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EPA beach pollution rules allow 1 in 28 to get sick

February 01, 2012|By Dean Kuipers | This post has been corrected, as indicated below
  • A surfer is dwarfed by large waves south of the Huntington Beach pier in January. New proposed EPA regulations regarding beach water quality don't seem to reduce the likelihood of illnesses caused by bacteria-contaminated water.
A surfer is dwarfed by large waves south of the Huntington Beach pier in January.… (Mark Boster / Los Angeles…)

Proposed new beach pollution regulations from the U.S. Environmental Protection Agency, meant to protect public health, instead would continue to allow lots of people to get sick, according to the Natural Resources Defense Council, or NRDC.

The EPA proposal, released in December, would allow 1 in 28 beachgoers to experience some gastrointestinal illness after swimming, rather than the 8 in 1,000 that were previously acknowledged. It’s mostly a tale of numbers, but the NRDC is trying to force the EPA to better the odds.

The EPA is under a federal consent decree to update the standards by October 2012. The current proposal is open for public comment until Feb. 21.

The federal Beaches Environmental Assessment and Coastal Health Act of 2000 required the EPA to issue by 2005 new criteria to protect beachgoers from the effects of polluted waters at the nation’s ocean and Great Lakes beaches. When the deadline passed, the NRDC sued and this new proposal is the result. However, activist attorneys claim the proposal does not update the standards that have been in place since 1986, but instead ignore new evidence that says those standards were failing.

“They’re supposed to be using the new science to come up with a determination of what’s protective of public health,” says Steve Fleischli, senior attorney at NRDC. "All they’ve really done is said, ‘Well, the 1986 numbers are fine.’ And we’re saying, ‘How on Earth can you say that’s fine when they’re one in 28?”

Under the 1986 standards, the EPA itself calculated that the acceptable level of pollution (35 colony-forming bacterial units per 100 milliliters of marine water) would cause serious gastrointestinal illness in 8 out of 1,000 persons. That means diarrhea and nausea with fever. Since those numbers were produced, however, new science says that other, more basic belly illnesses – without fever – total 36 per 1,000 at those contamination levels. That’s 1 in 28. The new EPA proposal acknowledges these numbers but does not change its recommendations for beach closures or postings.

The EPA, responding to these numbers, sent an email stating, "EPA’s draft national recreational water quality criteria are science-based values designed to protect swimmers from gastrointestinal illnesses due to exposure to pathogens in water bodies with a primary contact designated use. The criteria values for enterococci, a type of bacteria that can lead to a variety of public health impacts, represent a water quality standard that has largely prevented disease outbreaks related to water recreation activities in lakes, rivers, streams and at beaches since the mid-1980s when EPA first established the criteria. These values correspond with an illness rate of eight illnesses per 1,000 swimmers for gastrointestinal illnesses and fevers. The criteria are based on the best available scientific methods for creating national standards."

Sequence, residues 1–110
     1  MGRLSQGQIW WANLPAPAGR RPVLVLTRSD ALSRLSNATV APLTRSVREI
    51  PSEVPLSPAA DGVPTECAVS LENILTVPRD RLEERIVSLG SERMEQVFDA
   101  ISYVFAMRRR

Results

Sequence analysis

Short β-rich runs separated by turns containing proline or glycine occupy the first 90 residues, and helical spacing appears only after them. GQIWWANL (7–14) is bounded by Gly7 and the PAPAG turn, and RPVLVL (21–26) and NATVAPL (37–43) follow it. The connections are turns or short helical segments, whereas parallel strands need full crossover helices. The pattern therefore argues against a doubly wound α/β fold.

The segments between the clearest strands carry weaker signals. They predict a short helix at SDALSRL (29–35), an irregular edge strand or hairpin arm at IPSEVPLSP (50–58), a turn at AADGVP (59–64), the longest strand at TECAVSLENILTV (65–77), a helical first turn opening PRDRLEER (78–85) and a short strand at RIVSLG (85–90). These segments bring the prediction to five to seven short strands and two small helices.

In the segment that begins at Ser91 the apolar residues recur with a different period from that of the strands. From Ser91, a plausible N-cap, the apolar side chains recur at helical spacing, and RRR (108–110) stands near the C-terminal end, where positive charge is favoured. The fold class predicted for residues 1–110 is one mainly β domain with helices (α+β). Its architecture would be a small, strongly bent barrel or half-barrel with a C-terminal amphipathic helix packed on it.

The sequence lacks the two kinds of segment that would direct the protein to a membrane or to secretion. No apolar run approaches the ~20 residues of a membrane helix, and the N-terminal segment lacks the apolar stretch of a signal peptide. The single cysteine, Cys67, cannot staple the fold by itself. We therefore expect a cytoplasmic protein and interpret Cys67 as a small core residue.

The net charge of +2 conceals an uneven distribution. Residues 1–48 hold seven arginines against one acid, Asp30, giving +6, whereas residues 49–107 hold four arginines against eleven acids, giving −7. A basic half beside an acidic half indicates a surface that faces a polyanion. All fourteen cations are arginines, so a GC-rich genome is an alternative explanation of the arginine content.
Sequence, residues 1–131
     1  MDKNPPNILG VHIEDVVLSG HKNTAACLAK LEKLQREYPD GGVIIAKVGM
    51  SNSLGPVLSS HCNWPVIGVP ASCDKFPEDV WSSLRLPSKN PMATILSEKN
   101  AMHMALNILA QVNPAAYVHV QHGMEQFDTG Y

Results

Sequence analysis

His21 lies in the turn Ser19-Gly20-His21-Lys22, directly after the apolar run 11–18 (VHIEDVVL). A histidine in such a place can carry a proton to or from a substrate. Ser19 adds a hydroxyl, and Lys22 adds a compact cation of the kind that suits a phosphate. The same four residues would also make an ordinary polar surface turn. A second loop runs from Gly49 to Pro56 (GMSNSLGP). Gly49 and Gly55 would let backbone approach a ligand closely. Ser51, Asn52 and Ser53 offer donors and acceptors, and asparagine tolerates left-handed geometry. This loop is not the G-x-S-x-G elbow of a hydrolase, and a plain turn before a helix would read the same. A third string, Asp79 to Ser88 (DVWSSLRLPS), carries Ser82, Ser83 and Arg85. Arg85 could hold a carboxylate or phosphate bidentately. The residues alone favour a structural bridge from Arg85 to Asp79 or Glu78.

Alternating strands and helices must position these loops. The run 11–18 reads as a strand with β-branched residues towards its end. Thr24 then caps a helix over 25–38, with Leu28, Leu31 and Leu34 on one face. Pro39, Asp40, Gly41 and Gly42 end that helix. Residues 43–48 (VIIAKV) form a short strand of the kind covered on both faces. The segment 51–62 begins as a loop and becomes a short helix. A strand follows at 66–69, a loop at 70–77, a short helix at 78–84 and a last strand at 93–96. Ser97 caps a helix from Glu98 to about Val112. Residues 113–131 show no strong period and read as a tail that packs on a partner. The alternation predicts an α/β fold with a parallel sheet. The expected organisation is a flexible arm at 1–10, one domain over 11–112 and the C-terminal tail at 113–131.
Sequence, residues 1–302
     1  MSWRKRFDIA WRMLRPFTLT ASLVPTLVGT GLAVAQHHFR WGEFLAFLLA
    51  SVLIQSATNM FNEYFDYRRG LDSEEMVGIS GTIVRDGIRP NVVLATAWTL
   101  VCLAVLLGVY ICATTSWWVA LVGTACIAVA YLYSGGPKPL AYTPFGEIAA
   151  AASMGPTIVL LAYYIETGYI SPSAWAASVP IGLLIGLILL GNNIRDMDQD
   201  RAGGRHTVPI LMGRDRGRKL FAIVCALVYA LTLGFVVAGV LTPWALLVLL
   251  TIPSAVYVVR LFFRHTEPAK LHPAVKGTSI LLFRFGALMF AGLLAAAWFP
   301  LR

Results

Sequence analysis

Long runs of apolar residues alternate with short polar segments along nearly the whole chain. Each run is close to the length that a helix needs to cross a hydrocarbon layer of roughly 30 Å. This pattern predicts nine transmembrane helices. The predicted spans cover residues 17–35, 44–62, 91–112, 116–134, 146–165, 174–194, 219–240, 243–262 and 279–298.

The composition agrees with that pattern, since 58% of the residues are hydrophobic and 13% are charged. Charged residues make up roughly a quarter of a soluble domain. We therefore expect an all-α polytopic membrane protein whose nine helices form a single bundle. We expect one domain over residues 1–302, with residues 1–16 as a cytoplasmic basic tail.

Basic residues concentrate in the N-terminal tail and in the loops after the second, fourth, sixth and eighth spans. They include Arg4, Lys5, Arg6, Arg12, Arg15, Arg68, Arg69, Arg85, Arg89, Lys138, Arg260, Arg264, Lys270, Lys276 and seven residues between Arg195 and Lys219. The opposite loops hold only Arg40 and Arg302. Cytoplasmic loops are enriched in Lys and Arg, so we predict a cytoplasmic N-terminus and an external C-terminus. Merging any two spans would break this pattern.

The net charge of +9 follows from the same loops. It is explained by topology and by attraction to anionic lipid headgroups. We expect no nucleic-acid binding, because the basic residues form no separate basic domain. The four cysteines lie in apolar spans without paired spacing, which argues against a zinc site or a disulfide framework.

"A different illness rate that has recently been promoted by the Natural Resources Defense Council is associated with a water testing method that EPA does not feel is appropriate for developing national recreation criteria recommendations at this time. This alternative method may be appropriate to evaluate water quality at beaches where the method has already been thoroughly evaluated."

Moreover, the new proposal allows sampling for bacteria to be averaged over a 90-day period, which is basically an entire season. Thus, a bad week might easily be missed when swimmers should be kept out of the water.

Californians, rejoice: Our numbers are better than this. California requires that testing be averaged over a 30-day period, and some other states do, too.

“At a minimum, EPA should be moving the rest of the country toward California, not finding a lowest common denominator. You should really be moving toward the best performers, not the minimally performing states,” Fleischli added.

[For the record, 12:35 p.m., Feb 6: An earlier version of this post did not include comments from the EPA, which sent a response after the original post was published. These have now been included.]

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